The Things They Carried is a memoir by Tim O'Brien about his experiences as an American soldier fighting in the Vietnam War. O'Brien was chosen to be drafted in 1968. This incident was extremely stressful for O'Brien who had taken a stand against the war, yet didn't want to disappoint his community. He pondered running away to Canada, but eventually decided to fight. The Things They Carried is a series of stories that are so well written. The work is a bit hard to understand just because O'Brien wrote it in a way that is not completely nonfiction. In the book, he explains this concept more in depth. Overall, I thought this book was a very well written, interesting, and educational story regarding the horrors of war from O'Brien's perspective in Vietnam.

Reviewer's Name: 
Elizabeth P.

Book Review: The Catcher in the Rye

The Catcher in the Rye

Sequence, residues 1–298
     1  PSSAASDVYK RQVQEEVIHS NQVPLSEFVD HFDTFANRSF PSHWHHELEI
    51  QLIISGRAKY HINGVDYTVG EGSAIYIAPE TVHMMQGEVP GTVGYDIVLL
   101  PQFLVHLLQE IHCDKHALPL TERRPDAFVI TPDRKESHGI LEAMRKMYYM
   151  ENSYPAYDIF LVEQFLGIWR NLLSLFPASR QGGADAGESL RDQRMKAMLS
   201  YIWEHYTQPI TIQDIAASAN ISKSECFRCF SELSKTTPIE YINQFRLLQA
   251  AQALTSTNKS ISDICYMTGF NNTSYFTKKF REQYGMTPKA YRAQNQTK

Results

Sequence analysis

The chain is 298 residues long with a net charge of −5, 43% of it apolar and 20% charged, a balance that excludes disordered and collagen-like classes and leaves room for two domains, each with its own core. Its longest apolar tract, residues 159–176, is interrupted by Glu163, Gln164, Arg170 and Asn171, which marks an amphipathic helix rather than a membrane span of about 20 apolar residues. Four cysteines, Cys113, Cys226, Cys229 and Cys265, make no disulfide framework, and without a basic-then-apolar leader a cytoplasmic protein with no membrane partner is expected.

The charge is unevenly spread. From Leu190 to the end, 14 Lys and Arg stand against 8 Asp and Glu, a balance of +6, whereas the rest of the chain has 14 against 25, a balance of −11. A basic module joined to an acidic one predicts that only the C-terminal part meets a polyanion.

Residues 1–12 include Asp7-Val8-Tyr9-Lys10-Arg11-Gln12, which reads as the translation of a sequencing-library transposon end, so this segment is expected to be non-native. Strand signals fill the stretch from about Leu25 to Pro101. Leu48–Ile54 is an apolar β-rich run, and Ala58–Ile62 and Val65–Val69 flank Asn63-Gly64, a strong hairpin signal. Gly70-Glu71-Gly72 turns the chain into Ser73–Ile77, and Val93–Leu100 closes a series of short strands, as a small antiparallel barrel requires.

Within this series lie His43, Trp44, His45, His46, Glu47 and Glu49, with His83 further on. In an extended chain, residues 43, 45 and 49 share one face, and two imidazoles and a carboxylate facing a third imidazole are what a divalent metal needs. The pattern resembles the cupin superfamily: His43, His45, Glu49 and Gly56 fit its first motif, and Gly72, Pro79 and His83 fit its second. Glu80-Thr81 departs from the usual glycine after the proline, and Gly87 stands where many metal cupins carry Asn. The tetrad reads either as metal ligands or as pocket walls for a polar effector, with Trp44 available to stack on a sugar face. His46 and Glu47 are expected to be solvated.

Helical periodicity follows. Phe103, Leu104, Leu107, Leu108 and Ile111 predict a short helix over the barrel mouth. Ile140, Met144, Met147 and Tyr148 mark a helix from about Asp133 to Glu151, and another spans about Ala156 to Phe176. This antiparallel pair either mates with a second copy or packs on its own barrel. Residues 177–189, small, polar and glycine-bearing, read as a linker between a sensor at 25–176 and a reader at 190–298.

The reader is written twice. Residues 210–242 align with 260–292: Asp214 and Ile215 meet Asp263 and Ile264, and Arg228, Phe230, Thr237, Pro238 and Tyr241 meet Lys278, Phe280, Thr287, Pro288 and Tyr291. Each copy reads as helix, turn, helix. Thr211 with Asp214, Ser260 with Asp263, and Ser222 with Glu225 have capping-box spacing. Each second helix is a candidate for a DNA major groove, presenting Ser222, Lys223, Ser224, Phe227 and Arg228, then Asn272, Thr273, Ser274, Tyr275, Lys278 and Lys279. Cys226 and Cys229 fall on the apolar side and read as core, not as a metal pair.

Author: 
Salinger, J. D.
Rating: 
2 stars = Meh
Review: 

The Catcher In The Rye is about the life of Holden Caulfield and his views on the world as well as life. Holden drops out of a prep school in Pennsylvania to explore New York City. This book captures living in the 1950's and 1960's brilliantly, as well, as the spirit of rebellion that Holden has. I did not like this book because Holden complains way too much and has negative views on the world around him. He also has a bad habit of using profane language in every sentence. The message of the book however is meaningful as it discuses how kids should enjoy being themselves and to stop worrying about growing up and becoming an adult so fast.

Reviewer's Name: 
Ananth

Book Review: The Liar

The Liar
Author: 
Gundar-Goshen, Ayelet
Rating: 
3 stars = Pretty Good
Review: